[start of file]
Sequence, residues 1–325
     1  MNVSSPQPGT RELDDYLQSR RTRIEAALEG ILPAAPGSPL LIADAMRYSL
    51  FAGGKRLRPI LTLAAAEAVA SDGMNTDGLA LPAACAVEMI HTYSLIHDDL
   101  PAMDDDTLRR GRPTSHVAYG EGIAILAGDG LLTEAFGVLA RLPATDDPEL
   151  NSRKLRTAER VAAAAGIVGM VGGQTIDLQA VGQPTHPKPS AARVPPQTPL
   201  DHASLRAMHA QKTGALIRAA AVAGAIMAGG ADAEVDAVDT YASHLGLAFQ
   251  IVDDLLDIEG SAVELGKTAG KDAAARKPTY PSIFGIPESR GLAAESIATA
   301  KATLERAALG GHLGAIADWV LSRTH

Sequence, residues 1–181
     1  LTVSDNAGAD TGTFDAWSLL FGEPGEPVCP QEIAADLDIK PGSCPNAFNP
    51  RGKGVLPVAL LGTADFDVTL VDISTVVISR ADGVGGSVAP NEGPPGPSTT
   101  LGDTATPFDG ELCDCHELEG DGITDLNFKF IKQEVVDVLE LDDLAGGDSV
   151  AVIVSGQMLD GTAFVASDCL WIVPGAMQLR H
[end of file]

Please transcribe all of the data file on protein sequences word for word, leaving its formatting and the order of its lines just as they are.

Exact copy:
Sequence, residues 1–325
     1  MNVSSPQPGT RELDDYLQSR RTRIEAALEG ILPAAPGSPL LIADAMRYSL
    51  FAGGKRLRPI LTLAAAEAVA SDGMNTDGLA LPAACAVEMI HTYSLIHDDL
   101  PAMDDDTLRR GRPTSHVAYG EGIAILAGDG LLTEAFGVLA RLPATDDPEL
   151  NSRKLRTAER VAAAAGIVGM VGGQTIDLQA VGQPTHPKPS AARVPPQTPL
   201  DHASLRAMHA QKTGALIRAA AVAGAIMAGG ADAEVDAVDT YASHLGLAFQ
   251  IVDDLLDIEG SAVELGKTAG KDAAARKPTY PSIFGIPESR GLAAESIATA
   301  KATLERAALG GHLGAIADWV LSRTH

Sequence, residues 1–181
     1  LTVSDNAGAD TGTFDAWSLL FGEPGEPVCP QEIAADLDIK PGSCPNAFNP
    51  RGKGVLPVAL LGTADFDVTL VDISTVVISR ADGVGGSVAP NEGPPGPSTT
   101  LGDTATPFDG ELCDCHELEG DGITDLNFKF IKQEVVDVLE LDDLAGGDSV
   151  AVIVSGQMLD GTAFVASDCL WIVPGAMQLR H